Beware of Convenience Fees. A lot of colleges allow students to pay their bills with credit cards. Some students get excited when they see credit card logos on their college’s web site payment page – but beware! Many colleges tack on ‘convenience fees’ when you pay them with credit cards. For example, on the U.C. Berkeley payment page, it says that they will accept Master Card and Visa for the payment of room, board, and tuition; but they charge a 2.75% ‘convenience fee’ on all credit card payments. That’s a lot! Think about how much that will cost you in dollars and cents over the time you will be in college. Their ‘convenience fee’ is in addition to the interest that your credit card issuer will charge you. If you can pay your tuition some other way, you should probably do so.
What Is a ‘Convenience Fee’? U.C. Berkeley isn’t the only university that tacks on ‘convenience fees’ when students pay them with credit cards. This is now a common practice at colleges all over the U.S. But just what is a ‘convenience fee’? It has always seemed to me that the term ‘convenience fee’ is a misnomer. After all, a convenience fee isn’t really a fee you pay for your convenience. Most people would find it more convenient to not pay an added fee. What businesses call a convenience fee is really a credit card usage fee, even though few businesses are willing to admit that that is what it is. The term ‘convenience fee’ implies that the fee benefits the person paying the fee, but a convenience fee is always for the benefit of the business (or university) that receives the money. I think it would be more accurate to call a convenience fee an ‘inconvenience fee’.  Hmmmm. I wonder what my tenants would say if I said to them: “Well – I know your lease says that your rent is $1,800 a month, but it would be more convenient – for me – if you made out your monthly rent checks for $2,000.”

The Best College Swimming Pool.

lazyriverThe swimming pool at the RSF (Recreational Sports Facility) on the U.C. Berkeley campus is certainly much better than the average college swimming pool, but it is far from top of the heap. The best college swimming pool in the United States is probably the one at the University of Missouri in Columbia. Below is a photo of the pool’s indoor lazy river, which is lined with palm trees and passes under a waterfall. Students can also join an on-campus, resort-quality beach club called ‘Truman’s Pond,’ named after President Harry Truman, who lived nearby.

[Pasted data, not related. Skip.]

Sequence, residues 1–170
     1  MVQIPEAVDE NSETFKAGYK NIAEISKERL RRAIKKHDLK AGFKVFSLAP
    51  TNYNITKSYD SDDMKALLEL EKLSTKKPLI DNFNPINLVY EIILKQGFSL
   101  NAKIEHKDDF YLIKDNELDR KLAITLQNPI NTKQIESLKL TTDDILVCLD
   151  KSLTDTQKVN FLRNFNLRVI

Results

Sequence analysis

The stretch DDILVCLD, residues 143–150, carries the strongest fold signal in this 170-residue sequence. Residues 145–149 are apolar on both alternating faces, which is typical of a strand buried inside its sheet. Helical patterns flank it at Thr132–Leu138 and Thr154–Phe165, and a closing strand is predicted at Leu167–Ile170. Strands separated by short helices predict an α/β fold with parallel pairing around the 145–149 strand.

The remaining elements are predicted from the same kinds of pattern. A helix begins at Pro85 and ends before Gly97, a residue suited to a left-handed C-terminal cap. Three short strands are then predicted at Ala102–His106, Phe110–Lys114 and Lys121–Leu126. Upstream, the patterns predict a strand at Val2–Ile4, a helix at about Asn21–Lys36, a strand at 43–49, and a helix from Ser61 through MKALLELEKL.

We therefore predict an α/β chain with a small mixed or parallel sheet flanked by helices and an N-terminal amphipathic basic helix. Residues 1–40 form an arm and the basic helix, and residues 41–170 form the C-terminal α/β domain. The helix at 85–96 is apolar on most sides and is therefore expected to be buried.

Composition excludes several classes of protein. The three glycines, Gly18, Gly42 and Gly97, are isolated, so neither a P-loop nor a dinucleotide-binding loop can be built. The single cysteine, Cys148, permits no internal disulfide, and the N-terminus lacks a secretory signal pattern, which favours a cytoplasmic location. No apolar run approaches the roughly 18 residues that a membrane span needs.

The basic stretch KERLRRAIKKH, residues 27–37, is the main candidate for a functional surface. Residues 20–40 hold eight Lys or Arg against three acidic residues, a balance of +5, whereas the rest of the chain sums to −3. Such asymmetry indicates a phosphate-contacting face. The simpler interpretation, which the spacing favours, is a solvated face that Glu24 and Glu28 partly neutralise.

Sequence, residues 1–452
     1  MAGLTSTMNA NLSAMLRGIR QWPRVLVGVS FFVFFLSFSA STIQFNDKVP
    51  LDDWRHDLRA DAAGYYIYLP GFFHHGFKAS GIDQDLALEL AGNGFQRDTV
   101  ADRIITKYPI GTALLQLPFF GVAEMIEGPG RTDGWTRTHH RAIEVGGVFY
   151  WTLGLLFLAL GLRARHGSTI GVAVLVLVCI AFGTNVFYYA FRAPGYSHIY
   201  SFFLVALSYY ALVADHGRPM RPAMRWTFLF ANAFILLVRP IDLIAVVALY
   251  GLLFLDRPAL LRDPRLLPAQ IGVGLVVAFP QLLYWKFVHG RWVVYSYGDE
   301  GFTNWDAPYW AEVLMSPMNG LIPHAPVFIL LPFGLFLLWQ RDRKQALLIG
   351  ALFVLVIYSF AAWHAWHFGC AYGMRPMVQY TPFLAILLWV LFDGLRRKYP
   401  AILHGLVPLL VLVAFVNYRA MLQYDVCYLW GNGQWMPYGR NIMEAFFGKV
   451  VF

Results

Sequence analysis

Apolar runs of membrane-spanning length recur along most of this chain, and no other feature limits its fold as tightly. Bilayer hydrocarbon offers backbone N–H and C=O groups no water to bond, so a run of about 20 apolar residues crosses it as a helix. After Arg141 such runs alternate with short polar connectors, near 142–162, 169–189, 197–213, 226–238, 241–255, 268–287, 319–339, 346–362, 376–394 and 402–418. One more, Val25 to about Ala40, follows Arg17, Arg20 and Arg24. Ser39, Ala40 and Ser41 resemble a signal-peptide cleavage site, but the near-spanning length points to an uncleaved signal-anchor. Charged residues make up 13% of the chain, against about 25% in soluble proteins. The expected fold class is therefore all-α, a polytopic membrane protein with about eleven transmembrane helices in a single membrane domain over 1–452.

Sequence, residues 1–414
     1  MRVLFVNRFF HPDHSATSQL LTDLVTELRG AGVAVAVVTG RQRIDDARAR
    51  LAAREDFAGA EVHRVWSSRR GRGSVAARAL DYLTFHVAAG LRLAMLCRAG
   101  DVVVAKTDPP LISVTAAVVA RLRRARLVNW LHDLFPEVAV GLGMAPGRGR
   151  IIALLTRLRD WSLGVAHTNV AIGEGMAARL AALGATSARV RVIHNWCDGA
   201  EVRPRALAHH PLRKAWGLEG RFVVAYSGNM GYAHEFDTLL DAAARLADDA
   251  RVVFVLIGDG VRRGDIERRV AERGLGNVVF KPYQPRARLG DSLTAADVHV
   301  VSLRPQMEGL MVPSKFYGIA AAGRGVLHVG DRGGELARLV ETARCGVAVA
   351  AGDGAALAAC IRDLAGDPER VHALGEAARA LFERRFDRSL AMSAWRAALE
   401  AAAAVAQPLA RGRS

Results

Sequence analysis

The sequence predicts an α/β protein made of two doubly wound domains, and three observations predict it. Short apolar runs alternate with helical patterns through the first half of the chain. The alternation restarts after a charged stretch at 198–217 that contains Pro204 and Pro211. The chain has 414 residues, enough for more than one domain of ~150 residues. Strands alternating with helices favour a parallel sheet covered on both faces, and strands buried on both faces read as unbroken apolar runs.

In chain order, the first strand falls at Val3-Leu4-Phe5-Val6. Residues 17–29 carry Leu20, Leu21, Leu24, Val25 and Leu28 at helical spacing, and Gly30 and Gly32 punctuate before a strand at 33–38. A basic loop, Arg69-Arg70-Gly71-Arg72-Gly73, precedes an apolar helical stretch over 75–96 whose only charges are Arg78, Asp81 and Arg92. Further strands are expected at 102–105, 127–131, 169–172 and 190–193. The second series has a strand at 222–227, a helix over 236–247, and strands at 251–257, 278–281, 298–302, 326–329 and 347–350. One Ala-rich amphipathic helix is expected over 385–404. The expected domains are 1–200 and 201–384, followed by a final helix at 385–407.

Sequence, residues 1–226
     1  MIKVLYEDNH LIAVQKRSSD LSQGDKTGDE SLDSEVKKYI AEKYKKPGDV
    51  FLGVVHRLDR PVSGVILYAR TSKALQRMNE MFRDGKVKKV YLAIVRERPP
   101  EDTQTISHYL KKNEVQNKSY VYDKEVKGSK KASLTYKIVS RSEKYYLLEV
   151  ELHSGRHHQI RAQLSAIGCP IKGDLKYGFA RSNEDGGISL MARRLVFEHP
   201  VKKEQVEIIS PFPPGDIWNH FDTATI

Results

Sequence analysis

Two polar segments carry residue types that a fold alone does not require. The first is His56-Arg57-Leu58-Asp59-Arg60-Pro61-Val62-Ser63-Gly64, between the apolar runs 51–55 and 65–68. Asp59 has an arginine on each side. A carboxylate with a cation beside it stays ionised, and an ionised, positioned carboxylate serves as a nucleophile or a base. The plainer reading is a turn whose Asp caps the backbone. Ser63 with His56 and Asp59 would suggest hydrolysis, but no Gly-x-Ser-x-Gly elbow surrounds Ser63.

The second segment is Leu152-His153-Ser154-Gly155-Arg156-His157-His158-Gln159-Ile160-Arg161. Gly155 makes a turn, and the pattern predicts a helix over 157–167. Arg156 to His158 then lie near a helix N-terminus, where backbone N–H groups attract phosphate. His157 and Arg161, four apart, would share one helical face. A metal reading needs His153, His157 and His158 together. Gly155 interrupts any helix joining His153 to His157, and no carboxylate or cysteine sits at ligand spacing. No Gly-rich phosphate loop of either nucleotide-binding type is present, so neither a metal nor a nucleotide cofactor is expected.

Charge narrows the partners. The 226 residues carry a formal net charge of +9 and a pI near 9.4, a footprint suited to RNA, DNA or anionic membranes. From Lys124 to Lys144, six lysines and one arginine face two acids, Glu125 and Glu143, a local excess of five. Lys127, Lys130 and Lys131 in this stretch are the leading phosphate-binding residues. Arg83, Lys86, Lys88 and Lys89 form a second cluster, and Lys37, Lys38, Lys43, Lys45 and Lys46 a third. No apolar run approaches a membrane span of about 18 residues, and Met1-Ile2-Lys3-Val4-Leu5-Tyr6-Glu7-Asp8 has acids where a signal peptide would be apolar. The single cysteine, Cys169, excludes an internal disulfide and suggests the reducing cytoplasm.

Do You Want To Work At Home? Get A College Degree First.

More and more people want to work at home, and it’s easy to see why. Rush hour traffic in the Bay Area is grinding to a crawl. In Los Angeles, it has been that way for decades. On a typical day, it can take an hour or more to drive 20 miles during rush hour on the I-5 in Los Angeles. Many other big American cities have rush hour traffic that is just as bad as L.A. I know people here in Berkeley who spend 3 hours every day driving to and from work. I am glad that I don’t have to do that. I have been working at home for 30 years. If you would like to work at home, get a college degree first. Data released by the Bureau of Labor Statistics last month shows that college-educated workers are more likely to work at home than any other group, aside from the self-employed. The data shows that while only 1 in 20 employees with less than a high school degree work at home, almost 40% of college graduates now work at home on a regular basis. Here are the numbers.
The percent of workers 25 years of age or older who worked at home on an average day in 2012.

Less than high school diploma  5.4%
High school graduate  12.7%
Some college, including associate degree  21.1%
Bachelor’s degree and higher  38.4%

Should College Students Be Allowed To Bring Loaded Guns To Class?

I teach history one day a week at Orinda Intermediate School, and I come unarmed. Teachers in California are not allowed to bring guns into public schools, but teachers in Texas and several other states can bring loaded guns to class. And in some states, college students are also allowed to bring guns to class. A few weeks ago, Liberty University, the largest religiousaffiliated school in the U.S., announced that students can now bring loaded guns into classrooms at the school’s Lynchburg, Virginia campus as long as they have an easy-to-obtain Virginia concealed weapons permit. University staff and visitors may also carry firearms on campus. Liberty joins 25 other colleges in Virginia, Colorado, Utah, and Michigan that allow staff and students  to carry concealed firearms on campus. Liberty University is a Christian institution founded by television evangelist Jerry Falwell. Liberty University students are STILL prohibited from watching R-rated movies, listening to ‘un-Godly music’, dancing, kissing, or staying in a motel room with a member of the opposite sex, as outlined in the school’s student handbook. Doing any of these things can result in disciplinary action, including expulsion from the university.

The University of California does not allow students to bring guns to class, but Cal students are allowed to dance, kiss, and watch R-rated movies. Furthermore, I am reliably informed that Cal students have been known to stay in motel rooms with members of the opposite sex. Anyway, that’s the rumor.